This post was submitted by Jossimar Díaz Castro, member of the SVSLI Board of Directors
I began the struggle to grasp for an iota of consciousness during the last part of my years as a student in my high school. I began to be formed by a realization that Class – the compendium of racial, gender, economic, etc. markers – was a decisive element in the social organization of our school, and thus, in the character formation of us students. The more consciousness I struggled to grasp, the more conscience indicated to me that class organization and I – a Latino, immigrant, working-class, young man – just could note not engage favorably.
Basically, it seems I just couldn’t make it to the right class¹-room. I was led astray from the classrooms of fertile opportunity for cultivating academic virtues; to instead be dropped, not planted, in rocky-soils of barren classes. As I remember, during my junior-year, for reasons I understood as bureaucratic, confusing, opaque ESL-testing, I was placed in an ESL beginner-level English class where books were seldom –if at all- read and movies became the most humanized and engaging teachers for us, a thought-emaciated ESL group.
The day I remember to have been given my first book in English, after being bumped-up right at the beginning of my senior-year into a “regular” English-class (where we’d actually read certain books) I gorged the first book they gave us in one instant-long day. Huxley’s “Brave New World” fed me an answer or two as explications and resonances in the imminent struggle of my educational emaciation. A barely-digested interpretation salted with Huxleian tastes helped me perceive the polarity of my school’s institutional social division: I had been put in an Epsilon (or working-class, or immigrant-class) ESL class, and there was no way I could conventionally reach the Beta² (or quasi-burgoise, or upper-middle/middle-class) AP English class. The precipice dividing the ESL with the AP-class classes seemed insurmountable in the convention of our school’s classist organization. As I devoured Huxley and was satiated only with the sensation of a growing hunger for imaginative companions through literary conversation, I was prevented from making it to AP English during high-school.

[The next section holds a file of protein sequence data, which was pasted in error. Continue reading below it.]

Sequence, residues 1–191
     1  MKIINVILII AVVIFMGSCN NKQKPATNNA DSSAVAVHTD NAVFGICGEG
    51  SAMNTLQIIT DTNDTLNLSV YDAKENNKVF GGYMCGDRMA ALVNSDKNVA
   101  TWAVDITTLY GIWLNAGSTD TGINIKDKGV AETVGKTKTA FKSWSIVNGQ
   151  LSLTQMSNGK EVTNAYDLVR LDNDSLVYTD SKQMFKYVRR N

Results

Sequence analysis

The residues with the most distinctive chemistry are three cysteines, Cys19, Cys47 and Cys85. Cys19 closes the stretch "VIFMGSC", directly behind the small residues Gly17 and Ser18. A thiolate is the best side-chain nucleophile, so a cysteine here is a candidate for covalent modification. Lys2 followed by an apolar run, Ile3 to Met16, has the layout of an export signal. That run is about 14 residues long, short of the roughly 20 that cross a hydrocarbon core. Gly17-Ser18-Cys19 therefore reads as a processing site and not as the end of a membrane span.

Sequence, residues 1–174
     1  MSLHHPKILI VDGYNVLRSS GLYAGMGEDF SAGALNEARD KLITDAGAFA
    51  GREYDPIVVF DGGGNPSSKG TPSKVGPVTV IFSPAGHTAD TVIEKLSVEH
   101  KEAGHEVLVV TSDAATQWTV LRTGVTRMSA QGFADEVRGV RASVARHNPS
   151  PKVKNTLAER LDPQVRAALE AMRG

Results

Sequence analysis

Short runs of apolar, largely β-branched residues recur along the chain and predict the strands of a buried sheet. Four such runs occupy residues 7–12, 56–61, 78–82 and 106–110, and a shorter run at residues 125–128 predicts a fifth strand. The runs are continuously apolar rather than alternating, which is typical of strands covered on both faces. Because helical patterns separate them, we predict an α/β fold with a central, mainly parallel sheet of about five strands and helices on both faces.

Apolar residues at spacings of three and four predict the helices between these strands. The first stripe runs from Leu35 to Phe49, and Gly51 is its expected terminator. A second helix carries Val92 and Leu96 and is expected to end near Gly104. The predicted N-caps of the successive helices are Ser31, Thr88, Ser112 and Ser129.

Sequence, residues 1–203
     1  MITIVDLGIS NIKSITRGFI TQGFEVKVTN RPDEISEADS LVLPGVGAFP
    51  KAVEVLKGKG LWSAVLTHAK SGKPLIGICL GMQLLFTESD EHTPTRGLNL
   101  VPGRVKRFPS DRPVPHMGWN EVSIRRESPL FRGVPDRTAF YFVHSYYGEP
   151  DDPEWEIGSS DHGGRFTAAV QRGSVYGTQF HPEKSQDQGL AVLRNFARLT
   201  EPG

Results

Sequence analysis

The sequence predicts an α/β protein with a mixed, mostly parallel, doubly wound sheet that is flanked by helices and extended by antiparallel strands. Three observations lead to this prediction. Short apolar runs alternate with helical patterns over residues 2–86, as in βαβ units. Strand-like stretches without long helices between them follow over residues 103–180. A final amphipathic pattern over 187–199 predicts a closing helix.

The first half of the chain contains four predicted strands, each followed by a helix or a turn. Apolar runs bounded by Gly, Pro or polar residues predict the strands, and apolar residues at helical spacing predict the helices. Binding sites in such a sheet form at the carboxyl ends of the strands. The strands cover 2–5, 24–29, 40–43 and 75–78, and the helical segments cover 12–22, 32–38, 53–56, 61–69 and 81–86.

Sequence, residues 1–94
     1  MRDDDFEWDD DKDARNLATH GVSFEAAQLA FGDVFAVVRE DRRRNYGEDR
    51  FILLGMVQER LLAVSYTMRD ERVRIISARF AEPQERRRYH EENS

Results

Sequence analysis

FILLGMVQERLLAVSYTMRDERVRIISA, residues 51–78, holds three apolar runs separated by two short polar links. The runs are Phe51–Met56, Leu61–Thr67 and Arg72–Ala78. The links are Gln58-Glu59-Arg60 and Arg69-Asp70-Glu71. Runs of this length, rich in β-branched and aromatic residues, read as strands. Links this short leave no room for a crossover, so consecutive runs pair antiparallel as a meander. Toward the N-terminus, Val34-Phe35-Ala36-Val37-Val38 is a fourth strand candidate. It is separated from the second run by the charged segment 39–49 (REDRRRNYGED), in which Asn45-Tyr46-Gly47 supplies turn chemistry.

A New York Times article published last year warns us of the continuing widening of the education gap. The classes of rich and poor, though still also of race, and surely of document statues/classes (undocumented, documented, citizen) are the machineries that today destroy our common ground.
In the face of these frightening precipices, it might just be that our student-scholars of the SLI are our society’s most marvelous engineers, bravely building a bridge across this Class-void that disjoints our classrooms and institutions of learning. And that we are the workers at their service, eager to assist in the construction of smart structures that invite educational access and growth.
Even as we remember that Rome was not build in one day, let us humbly work with a conviction that is resolved for a more Democratic U.S. Republic; one that stands on a platform of more accessible education.
Safe and diligent construction work to Us all!
—Jossimar Díaz Castro
¹ It might be interesting that this is the term we give to the places we order for dividing the “school-classes” of our children.
² Perhaps naively, I dare assume we don’t yet have Alphas (increasingly known famously as “one percenters” in the social parlance) in our still wonderfully provincial, local town of Harrisonburg.